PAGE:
The soundtrack doesn’t provide a cohesive or particularly pleasurable listening experience.
One of the few recent Christmas movies to grasp that holidays are both fantastically blissful and agonizingly sad, Love Actually is often disparaged for packing in so many characters and competing storylines. Nevertheless, fans recognize that it portrays a variety of holiday-adjacent experiences. Recently reissued on snowy white vinyl, the movie’s soundtrack taps into this diversity—for better and for worse.
Joni Mitchell’s 2000 cover of her own “Both Sides Now,” featuring Vince’s Mendoza’s extravagant orchestral arrangement, movingly sums up the film’s themes: “I’ve looked at love from both sides now/ From give and take and still somehow/ It’s love’s illusions I recall/ I really don’t know love at all.” Mitchell’s smoky vocals emphasize her world-weariness and implicitly play up the song’s storied history, including Judy Collins’ recently ubiquitous take and Mitchell’s 1969 original.
The soundtrack works best when it deploys covers to tap into a history of popular music marked by transcendent joys and heartrending tragedies. Another standout in this vein is Otis Redding’s “White Christmas,” first released in 1968 after his death. Filled with bitter longing, it uses a bluesy, “Unchained Melody” guitar riff to emphasize that the white Christmases of the title are long gone, a dreary loneliness left in their wake.
Two of the sillier covers on the album are lovable reminders of comedic moments from the movie. Bill Nighy’s “Christmas Is All Around” is a holiday-inspired take on the Troggs that boasts deliberately corny backing vocals and obligatory sleigh bell percussion, and sounds exactly like the desperate attempt for radio play that it represents in the film. Olivia Olson’s “All I Want for Christmas Is You” doesn’t veer far from Mariah Carey’s original, but the repetition of “and you” near the song’s end provides a cheeky joke about popular (holiday) culture’s failed attempts to appeal to everyone.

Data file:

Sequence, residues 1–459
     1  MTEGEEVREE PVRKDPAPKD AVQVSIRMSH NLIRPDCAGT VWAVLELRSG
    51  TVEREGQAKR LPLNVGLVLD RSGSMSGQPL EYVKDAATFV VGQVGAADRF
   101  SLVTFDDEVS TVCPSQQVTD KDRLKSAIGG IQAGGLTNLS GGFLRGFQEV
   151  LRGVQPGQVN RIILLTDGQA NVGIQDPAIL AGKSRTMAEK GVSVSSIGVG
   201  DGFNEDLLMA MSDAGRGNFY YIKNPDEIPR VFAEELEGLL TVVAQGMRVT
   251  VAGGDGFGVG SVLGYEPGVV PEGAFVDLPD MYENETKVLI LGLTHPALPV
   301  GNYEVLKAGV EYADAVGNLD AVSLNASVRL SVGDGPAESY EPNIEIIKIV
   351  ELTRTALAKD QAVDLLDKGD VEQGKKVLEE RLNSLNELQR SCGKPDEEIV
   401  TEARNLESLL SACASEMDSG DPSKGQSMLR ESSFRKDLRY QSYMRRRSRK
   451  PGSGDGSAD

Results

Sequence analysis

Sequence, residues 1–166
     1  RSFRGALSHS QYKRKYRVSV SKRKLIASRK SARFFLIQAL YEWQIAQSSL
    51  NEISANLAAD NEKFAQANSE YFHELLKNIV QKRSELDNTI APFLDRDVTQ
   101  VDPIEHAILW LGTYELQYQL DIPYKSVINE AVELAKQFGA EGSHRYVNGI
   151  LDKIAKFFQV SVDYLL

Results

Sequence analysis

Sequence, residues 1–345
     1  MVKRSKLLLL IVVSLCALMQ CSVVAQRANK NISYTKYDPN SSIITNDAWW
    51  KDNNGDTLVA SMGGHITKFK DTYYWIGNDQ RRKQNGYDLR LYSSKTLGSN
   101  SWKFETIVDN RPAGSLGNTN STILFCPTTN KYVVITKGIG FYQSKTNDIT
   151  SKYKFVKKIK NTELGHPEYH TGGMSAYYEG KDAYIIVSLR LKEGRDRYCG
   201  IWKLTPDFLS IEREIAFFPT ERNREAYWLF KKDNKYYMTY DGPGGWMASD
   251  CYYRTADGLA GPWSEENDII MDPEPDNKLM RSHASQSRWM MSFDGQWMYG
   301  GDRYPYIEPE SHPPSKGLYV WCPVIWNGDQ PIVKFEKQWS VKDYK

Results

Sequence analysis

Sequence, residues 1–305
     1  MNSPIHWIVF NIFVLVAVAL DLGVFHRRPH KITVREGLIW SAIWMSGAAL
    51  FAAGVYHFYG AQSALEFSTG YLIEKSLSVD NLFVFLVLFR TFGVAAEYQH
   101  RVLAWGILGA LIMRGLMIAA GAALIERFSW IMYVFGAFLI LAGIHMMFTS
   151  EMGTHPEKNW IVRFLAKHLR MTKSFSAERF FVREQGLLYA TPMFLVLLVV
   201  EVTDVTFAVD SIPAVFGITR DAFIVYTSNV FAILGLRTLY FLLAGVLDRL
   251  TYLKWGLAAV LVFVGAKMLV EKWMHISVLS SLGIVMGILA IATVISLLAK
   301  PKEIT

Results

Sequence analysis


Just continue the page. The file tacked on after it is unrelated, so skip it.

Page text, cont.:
While the album’s covers are either moving or amusing, its non-covers are for the most part painful reminders of the state of popular music in the early ‘00s. For instance, the best one can say about Texas’ “I’ll See It Through” and The Calling’s “Wherever You Will Go” is that they’re equally fun to sing along to and scorn. Three selections from Craig Armstrong’s bombastic score are as pallid as the winter-white turtlenecks worn in the film, although they do provide a share of romantic warmth. The Beach Boys’ “God Only Knows” may be a reliable chestnut but seems tacked on for its liberal use of even more sleigh bell. Still, we can all be thankful that the filmmakers didn’t ask 3 Doors Down or Evanescence to cover it.
While the different plot lines somehow work together in Love Actually, the movie, the soundtrack assortment doesn’t provide a cohesive or particularly pleasurable listening experience. This may be due in part to the album’s painfully accurate reflection of holiday ambivalence. But a more focused collection of songs to orbit around its classics would have reminded us more convincingly of holiday joys and pains.